Planning a room makeover can be fun, especially when it comes to sorting through inspiration photos and figuring out what elements you like most. But it can also be frustrating: developing a budget, thinking about needs, considering design constraints. It was all necessary, but once the planning was out of the way, the fun part of this makeover could begin: shopping!
Budget: I knew that we wanted to spend $300 on the makeover total, and it was a fairly strict budget, so I started an Excel spreadsheet that kept track of all our potential costs. I knew that paint was going to be a certain cost, so I calculated how much two gallons would cost and went ahead and subtracted it from the total. Then, I listed all the things that, in an ideal world, I would spend money on: lighting, bedding, accent pillows, curtains, artwork, frames, lighting, plants, etc.
I then rearranged the items on the spreadsheet, ranking which ones were most important to achieving the desired look. For instance, I knew that I needed a white coverlet since our only white bedding were heavy duvets, and going into summer months, we didn't have any lighter blankets, much less white ones. I knew that I despised the light, so it had to go. Artwork was dispensable since we already had several pieces around the house that needed to be hung somewhere, and plants could be moved from other rooms.
By having some kind of ranking system and performing a lot of price comparison (with a system you'll read about below), I was able to easily discern where it was possible to spend money. And crucially, before I bought anything, I had the whole budget figured out. The one exception to this rule ended up being a mistake: I bought yellow curtains on an impulse before the design plan was complete, only to find out that the shade was completely wrong and that they wouldn't work in the room. Luckily, I could return them, but I think that if I had waited until I had the whole plan in place, I probably wouldn't have made this mistake.
It's really hard not to buy items along the way, but when it came to sticking to my budget, this was indispensable. Of course, you can give yourself some flexibility if you find the most amazing thing you've ever seen at a flea market, but generally, I advocate having a plan in place before you spend. It's really easy to keep adding on otherwise. Plus, waiting gives you a chance to really get the design plan together, so you know that when you actually click "buy" or check out at the store, you'll be getting exactly the pieces you want and need.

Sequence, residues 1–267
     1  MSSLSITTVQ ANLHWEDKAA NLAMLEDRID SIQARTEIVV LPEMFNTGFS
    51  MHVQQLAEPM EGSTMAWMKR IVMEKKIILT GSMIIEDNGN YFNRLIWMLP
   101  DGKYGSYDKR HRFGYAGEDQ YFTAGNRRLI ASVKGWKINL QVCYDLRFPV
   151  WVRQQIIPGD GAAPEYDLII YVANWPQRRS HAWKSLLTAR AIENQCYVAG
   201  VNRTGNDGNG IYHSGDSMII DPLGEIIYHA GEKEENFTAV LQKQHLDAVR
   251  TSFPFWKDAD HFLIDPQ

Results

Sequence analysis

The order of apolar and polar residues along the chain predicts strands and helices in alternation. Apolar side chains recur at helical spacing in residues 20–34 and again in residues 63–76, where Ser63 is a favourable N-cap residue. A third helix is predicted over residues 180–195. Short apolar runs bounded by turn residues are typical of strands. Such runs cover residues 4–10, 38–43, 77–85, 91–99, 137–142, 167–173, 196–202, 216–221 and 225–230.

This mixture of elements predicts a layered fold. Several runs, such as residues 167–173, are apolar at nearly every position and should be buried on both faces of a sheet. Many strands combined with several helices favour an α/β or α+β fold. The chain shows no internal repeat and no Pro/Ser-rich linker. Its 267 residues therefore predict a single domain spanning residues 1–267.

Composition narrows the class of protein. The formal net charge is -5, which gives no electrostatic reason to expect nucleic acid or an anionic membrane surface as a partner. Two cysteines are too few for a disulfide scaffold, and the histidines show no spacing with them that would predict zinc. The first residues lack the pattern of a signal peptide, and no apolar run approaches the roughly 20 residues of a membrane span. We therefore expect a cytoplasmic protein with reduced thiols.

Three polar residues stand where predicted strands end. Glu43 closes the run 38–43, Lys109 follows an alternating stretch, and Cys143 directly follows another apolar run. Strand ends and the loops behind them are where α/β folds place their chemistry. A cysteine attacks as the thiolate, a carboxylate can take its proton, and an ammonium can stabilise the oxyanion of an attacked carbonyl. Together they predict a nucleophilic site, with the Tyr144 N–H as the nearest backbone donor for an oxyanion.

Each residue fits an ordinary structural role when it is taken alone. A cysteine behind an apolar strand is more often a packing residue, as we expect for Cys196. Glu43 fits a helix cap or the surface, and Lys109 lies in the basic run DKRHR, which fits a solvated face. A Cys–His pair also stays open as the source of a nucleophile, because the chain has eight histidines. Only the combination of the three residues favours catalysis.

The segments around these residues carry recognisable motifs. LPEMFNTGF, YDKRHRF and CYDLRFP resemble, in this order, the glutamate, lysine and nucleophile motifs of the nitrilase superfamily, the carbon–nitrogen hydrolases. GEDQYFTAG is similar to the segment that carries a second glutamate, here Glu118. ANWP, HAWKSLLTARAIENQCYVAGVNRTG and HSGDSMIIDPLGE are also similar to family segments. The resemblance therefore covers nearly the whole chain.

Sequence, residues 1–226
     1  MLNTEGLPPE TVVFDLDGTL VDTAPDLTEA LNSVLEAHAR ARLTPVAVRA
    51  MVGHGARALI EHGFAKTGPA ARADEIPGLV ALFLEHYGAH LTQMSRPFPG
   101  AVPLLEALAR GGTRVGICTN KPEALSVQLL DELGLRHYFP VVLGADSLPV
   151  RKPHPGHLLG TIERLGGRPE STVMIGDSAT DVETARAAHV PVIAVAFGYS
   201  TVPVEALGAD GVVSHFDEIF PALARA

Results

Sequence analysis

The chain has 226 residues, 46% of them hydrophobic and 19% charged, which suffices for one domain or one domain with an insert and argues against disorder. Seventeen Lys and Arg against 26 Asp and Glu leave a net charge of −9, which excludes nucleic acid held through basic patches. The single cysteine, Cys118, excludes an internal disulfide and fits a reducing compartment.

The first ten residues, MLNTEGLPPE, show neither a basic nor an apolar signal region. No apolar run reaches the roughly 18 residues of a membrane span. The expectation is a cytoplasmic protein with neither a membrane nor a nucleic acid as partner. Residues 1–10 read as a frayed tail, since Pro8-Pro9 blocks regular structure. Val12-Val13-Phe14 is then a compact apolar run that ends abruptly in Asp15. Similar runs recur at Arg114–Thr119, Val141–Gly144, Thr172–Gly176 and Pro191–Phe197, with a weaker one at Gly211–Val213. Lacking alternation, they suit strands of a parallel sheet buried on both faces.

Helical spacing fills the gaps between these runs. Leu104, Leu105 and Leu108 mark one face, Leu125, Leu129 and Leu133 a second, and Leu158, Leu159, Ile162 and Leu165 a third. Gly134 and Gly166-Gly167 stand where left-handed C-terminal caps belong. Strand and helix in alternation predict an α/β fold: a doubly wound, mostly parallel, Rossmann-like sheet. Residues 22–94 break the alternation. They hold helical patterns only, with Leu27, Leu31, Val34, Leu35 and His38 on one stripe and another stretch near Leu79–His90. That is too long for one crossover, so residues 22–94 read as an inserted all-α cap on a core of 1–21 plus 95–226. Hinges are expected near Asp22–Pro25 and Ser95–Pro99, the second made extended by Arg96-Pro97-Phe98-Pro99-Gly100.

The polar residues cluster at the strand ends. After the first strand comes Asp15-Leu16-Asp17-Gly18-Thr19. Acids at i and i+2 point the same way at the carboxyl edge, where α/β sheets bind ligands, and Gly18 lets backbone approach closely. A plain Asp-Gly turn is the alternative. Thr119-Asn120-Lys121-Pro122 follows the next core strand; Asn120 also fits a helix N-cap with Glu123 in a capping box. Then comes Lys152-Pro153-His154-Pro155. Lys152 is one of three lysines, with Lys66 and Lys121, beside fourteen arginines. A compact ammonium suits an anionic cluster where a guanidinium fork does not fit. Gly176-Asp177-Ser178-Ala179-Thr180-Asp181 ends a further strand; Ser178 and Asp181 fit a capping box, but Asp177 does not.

My budgeting/ shopping process only took a matter of a few days, so the waiting wasn't all that hard. Here's how the final tally shook out:
We only went about $13 over budget, and I was quite pleased with this, since I hadn't even intended to buy a new side table, but I saw this X-base stool at Target and had to have it.
Furnishings: Usually I'm a slow decorator. My home is made of objects collected over time, pulled from thrift stores, alleyways, and stumbled-upon boutiques. But this makeover posed a whole different type of shopping process for me. It had to be much more directed.
Thanks to the Photoshop mockup I did while planning, I had a pretty good idea of what things I had and what things I wanted. The Photoshop mockup kept changing throughout every part of the shopping process, though, and I would recommend that you edit it scrupulously as you piece things together. Subbing items into the Photoshop file made it much easier to compare them and see how they would all fit together, as the blanket example below shows: